Friday, 19 February 2010

Victorian mother of pearl fan with mixed Brussels lace

This is by far the prettiest fan I have ever sold, the lace is exquisite. I love the asymmetric pattern, a beautiful, naturalistic spray of delicate flowers and butterflies, like a photograph frozen into lace. The lace is a mixed lace, which means it is a mixture of both handmade bobbin lace and needlepoint lace on a fine machine made net ground.

Bobbin lace is quite similar to weaving, the fine thread is wound onto many little lace bobbins, which are passed around pins on a cushion that mark out a design in a particular order, to create the 'clothwork' petals & leaves etc (see detail in picture 6). Needlepoint lace is quite a different technique, akin to embroidery, as the name suggests: threads are roughly tacked onto a pattern to give the basic outline, then a single needle & thread is used to work thousands of buttonhole stitches over these foundation threads, and then to create different filling stitches for the centres of the petals etc (see detail in picture 7).

The fan was made by J. Duvelleroy, a top maker of the time, I love the added stamp on the label: Fans Mended - such a thing of beauty was to be treasured, even if something went horribly wrong, and it suffered some sort of damage. It would have been considered an heirloom piece, so would have been looked after very carefully.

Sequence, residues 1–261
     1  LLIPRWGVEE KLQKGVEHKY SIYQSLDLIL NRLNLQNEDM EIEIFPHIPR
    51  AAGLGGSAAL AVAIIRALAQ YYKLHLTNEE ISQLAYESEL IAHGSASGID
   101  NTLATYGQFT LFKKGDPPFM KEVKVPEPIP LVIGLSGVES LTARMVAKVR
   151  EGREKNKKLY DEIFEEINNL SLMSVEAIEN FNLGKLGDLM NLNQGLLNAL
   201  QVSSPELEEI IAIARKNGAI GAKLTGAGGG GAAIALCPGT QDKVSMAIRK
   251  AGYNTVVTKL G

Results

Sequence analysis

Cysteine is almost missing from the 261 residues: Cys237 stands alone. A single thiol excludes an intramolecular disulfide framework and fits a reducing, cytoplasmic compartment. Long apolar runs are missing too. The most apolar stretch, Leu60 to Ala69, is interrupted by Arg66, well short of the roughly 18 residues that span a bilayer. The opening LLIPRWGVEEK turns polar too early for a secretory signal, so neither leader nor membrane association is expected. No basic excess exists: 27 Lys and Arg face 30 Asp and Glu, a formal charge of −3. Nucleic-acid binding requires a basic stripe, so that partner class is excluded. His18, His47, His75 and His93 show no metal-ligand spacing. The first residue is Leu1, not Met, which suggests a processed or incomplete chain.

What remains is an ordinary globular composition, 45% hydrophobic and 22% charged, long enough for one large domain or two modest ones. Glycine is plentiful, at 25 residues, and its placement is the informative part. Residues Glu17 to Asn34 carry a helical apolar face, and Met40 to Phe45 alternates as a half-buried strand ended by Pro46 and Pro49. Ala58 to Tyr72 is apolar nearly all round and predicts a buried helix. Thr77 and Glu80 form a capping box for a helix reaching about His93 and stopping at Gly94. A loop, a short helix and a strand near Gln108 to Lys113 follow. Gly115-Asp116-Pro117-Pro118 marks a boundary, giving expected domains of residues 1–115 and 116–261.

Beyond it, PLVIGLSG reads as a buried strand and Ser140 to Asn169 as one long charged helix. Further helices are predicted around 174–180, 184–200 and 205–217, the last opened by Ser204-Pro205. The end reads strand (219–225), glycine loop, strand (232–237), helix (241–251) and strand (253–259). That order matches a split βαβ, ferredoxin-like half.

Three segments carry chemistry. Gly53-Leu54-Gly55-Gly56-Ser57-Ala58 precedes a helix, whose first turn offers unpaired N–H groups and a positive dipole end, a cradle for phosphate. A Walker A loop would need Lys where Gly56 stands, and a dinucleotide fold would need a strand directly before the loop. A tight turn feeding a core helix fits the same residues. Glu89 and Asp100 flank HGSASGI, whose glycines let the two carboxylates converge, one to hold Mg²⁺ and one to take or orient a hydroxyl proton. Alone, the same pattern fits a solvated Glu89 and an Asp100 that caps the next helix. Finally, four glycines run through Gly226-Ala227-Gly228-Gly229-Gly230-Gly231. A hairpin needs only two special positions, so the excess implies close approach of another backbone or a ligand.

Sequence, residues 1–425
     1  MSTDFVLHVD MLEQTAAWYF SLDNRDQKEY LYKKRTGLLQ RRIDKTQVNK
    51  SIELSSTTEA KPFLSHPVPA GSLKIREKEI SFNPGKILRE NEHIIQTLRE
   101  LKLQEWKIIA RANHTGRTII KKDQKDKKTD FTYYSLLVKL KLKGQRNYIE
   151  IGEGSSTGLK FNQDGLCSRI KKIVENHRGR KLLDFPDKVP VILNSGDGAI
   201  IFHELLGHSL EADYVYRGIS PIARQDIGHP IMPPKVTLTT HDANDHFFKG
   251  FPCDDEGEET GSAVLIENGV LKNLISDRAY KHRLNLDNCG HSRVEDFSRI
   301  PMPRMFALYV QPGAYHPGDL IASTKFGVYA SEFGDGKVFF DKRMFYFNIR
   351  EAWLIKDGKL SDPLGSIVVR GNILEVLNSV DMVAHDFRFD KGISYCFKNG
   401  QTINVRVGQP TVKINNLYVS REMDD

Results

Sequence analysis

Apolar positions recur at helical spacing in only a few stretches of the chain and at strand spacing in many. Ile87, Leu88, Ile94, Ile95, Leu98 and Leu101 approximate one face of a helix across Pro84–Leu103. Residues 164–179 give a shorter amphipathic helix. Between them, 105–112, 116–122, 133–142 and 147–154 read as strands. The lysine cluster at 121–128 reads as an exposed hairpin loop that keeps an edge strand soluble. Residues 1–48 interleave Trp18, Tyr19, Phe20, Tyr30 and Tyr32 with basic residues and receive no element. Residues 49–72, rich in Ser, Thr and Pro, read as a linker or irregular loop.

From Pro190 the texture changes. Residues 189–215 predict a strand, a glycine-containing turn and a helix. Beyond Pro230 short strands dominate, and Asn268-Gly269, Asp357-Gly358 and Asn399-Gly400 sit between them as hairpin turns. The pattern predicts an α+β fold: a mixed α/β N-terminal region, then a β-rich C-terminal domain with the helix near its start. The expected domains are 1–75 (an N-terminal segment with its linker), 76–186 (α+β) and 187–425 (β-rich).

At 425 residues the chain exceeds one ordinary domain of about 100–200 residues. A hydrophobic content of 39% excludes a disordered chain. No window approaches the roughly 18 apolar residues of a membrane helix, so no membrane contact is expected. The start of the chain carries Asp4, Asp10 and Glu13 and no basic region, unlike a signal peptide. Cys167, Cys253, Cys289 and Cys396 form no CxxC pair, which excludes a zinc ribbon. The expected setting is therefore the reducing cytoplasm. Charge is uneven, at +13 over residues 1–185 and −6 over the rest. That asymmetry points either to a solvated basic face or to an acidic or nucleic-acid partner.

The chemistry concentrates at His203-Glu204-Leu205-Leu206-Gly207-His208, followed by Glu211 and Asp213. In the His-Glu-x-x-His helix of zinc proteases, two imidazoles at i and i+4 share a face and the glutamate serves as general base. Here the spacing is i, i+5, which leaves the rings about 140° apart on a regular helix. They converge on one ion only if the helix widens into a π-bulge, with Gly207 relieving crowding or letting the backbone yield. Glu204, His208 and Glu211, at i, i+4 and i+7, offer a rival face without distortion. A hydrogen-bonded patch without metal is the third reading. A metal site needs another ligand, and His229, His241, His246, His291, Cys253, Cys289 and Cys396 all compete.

1. So would be lovely for a wedding. I'm always in awe of the thought, time, and skills involved to create such beautiful and useful objects...they are truly an expression of the soul.
    Thank you for sharing your collections...I'm always inspired by your posts!
    I'm sorry to hear of your friend's passing...I hope you are finding some comfort and peace at this time. I'm sending love and light to you and your friend.
    Take care,
    Stella xx

  2. Thanks Stella, your thoughts are much appreciated. x

  3. This fan is such a piece of art...So beautiful

  4. This is so exquisite. I think I love lace above everything else!

  5. I agree with you Melanie, the design is really well thought out and executed with a true artist's touch.

  6. And Phyllis, I agree with you, early lace is beyond compare. So delicate, yet with inner strength to withstand the ravages of time. Also, these days, textile artists can, with care and skill, reproduce most early textiles, but not lace, the complex skills have been lost apart from rudimentary lace-making that exists today, also, the species of flax used for the finest linen thread is now exrinct, so even with our technology, we cannot produce a thread as fine as that of the 17th & 18th centuries!